Friday 3 February 2023

Inflation-Hit Venezuela Introduces New Highest-Denomination Banknote

Paying the bills

Latest

Tycoon who wants to build a dry canal in Costa Rica in trouble for alleged fraud

QCOSTARICA - India's billionaire and industrialist, Gautam Adani, who...

Dollar increased ¢14 in four days

QCOSTARICA - And we're back to the rollest coaster...

500,000 people in Costa Rica could improve their credit situation. How?

QCOSTARICA - If in Costa Rica the compliance and...

Joselyn Chacón admits having paid to “put the hurt on” the media

QCOSTARICA (Nacion.com) The Minister of Health, Joselyn Chacón, affirmed...

Uncovering the Red Tape of Clean Water in Costa Rica

(OP-ED) Imagine having to haul water to your home,...

Do CBD Products Actually Work?

Rumors about the beneficial effects of CBD products have...

Costa Rica’s Minister of Sport assures that it is urgent to legalize recreational marijuana

QCOSTARICA - The Minister of Sport, Mary Munive, asked...

Dollar Exchange

¢564.58 Buy

¢570.60 Sell

3 February 2023 - At The Banks - BCCR

Paying the bills

Share

Venezuela will put on Wednesday a new highest-denomination 100,000 bolivar bill worth only US$0.50 into circulation, the country’s Communication and Information Ministry said.

The introduction of a new banknote takes place amid the out-of-control inflation in the country, which led to a severe cash shortage. In 2016, a 100-bolivar note was the highest-denomination bill.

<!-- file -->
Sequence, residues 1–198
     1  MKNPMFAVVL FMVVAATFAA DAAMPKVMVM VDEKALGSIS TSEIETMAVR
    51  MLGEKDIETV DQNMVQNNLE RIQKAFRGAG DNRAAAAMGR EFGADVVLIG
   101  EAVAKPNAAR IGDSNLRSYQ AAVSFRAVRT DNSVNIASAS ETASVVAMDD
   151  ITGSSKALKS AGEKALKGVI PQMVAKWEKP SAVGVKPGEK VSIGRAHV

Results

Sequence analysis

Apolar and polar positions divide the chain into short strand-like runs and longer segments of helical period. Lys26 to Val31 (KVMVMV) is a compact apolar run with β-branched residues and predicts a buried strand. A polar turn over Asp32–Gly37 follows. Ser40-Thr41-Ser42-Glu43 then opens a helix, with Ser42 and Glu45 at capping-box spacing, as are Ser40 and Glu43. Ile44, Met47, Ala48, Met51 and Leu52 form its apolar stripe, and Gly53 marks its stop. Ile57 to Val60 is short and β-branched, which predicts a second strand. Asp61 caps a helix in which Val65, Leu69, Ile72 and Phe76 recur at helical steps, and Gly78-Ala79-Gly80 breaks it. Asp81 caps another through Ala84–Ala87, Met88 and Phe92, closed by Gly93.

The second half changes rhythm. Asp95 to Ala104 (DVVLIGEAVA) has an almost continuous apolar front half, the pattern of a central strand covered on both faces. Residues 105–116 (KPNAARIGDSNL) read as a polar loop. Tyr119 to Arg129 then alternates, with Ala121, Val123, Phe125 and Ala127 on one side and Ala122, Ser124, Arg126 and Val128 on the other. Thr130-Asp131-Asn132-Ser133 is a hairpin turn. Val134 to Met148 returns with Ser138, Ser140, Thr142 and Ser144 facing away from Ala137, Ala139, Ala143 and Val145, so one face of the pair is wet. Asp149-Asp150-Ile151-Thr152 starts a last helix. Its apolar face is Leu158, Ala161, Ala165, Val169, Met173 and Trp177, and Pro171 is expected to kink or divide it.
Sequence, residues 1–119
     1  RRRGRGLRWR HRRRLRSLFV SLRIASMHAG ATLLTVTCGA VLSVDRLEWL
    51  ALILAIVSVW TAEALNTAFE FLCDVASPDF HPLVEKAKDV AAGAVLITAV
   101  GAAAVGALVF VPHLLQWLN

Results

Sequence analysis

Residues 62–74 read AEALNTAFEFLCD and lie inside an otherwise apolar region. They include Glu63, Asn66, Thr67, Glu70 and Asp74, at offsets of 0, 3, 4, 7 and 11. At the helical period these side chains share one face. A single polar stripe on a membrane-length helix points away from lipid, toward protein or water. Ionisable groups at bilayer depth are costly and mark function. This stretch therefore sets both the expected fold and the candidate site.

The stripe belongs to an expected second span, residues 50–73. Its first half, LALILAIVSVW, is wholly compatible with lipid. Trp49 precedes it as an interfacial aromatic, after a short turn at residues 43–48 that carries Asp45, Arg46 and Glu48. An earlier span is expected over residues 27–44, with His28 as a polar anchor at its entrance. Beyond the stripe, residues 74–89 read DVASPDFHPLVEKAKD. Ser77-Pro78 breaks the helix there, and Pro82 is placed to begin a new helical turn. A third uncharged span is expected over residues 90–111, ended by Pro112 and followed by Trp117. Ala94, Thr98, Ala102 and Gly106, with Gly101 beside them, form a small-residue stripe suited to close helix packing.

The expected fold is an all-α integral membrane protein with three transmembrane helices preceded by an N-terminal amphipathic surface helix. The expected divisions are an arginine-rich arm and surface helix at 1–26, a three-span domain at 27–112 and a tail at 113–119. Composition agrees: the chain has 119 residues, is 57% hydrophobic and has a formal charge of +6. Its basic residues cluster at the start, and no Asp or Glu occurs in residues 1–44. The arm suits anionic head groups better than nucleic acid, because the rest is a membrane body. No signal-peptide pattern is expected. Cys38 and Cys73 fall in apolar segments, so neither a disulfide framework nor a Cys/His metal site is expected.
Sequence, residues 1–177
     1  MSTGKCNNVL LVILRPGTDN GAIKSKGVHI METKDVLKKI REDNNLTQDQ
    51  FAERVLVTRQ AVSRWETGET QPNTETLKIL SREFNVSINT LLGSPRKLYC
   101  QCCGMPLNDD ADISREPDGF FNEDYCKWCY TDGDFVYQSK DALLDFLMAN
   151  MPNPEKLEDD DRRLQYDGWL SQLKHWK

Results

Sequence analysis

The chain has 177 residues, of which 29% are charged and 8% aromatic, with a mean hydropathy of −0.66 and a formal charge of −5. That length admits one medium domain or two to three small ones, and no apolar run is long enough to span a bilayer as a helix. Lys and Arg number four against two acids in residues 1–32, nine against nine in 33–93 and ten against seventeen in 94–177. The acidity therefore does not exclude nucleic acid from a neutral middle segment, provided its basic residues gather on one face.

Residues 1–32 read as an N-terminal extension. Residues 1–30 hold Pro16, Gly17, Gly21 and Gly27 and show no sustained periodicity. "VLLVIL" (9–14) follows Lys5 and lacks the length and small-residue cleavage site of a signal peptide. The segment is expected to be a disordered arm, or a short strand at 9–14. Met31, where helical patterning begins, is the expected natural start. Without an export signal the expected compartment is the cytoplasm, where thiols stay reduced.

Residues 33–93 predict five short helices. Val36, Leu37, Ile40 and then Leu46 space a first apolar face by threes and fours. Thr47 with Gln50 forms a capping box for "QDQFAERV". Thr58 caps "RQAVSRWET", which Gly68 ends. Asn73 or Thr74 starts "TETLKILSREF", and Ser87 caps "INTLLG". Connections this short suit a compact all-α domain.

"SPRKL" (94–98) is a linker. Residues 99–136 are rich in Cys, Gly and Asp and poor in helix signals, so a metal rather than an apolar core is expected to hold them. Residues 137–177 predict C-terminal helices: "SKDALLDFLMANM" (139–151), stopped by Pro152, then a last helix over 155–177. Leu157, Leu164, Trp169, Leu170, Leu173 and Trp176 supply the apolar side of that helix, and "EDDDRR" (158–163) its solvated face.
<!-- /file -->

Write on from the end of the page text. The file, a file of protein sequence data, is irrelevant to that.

- Advertisement -

The new 100,000 bolivar bill can be used to purchase only US$0.50 on the black market, while US$1 was valued at 215.752 bolivars on Mar. 16, 2018, according to the Dolar Today media outlet.

Earlier in December, Venezuelan President Nicolas Maduro announced the creation of a new virtual currency to fight the economic crisis, pay debts, and revive the national economy. In late February, Venezuela launched the presale of cryptocurrency tokens, each backed by a barrel of Venezuelan oil. Maduro has estimated early gains at US$735 million.

Venezuela is going through the worst economic crisis in its history which started in 2012 with changes on the global oil market. More than 95 percent of its export revenues come from oil and its derivatives.

In 2015, with the fall of prices on hydrocarbons to US$50 dollars per barrel, Venezuela’s economy was knocked out, leaving the population with shortages of food and medicine.

Article originally appeared on Today Venezuela and is republished here with permission.

- Advertisement -
Paying the bills
Avatar photo
Q24N
Q24N is an aggregator of news for Latin America. Reports from Mexico to the tip of Chile and Caribbean are sourced for our readers to find all their Latin America news in one place.

Related Articles

Costa Rica has the highest minimum wage in Latin America

QCOSTARICA - Costa Rica has the highest minimum wage of Latin...

Unemployment and cost of living are the main challenges in 2023

QCOSTARICA - The only way to alleviate the rise in inflation...

Subscribe to our stories

To be updated with all the latest news, offers and special announcements.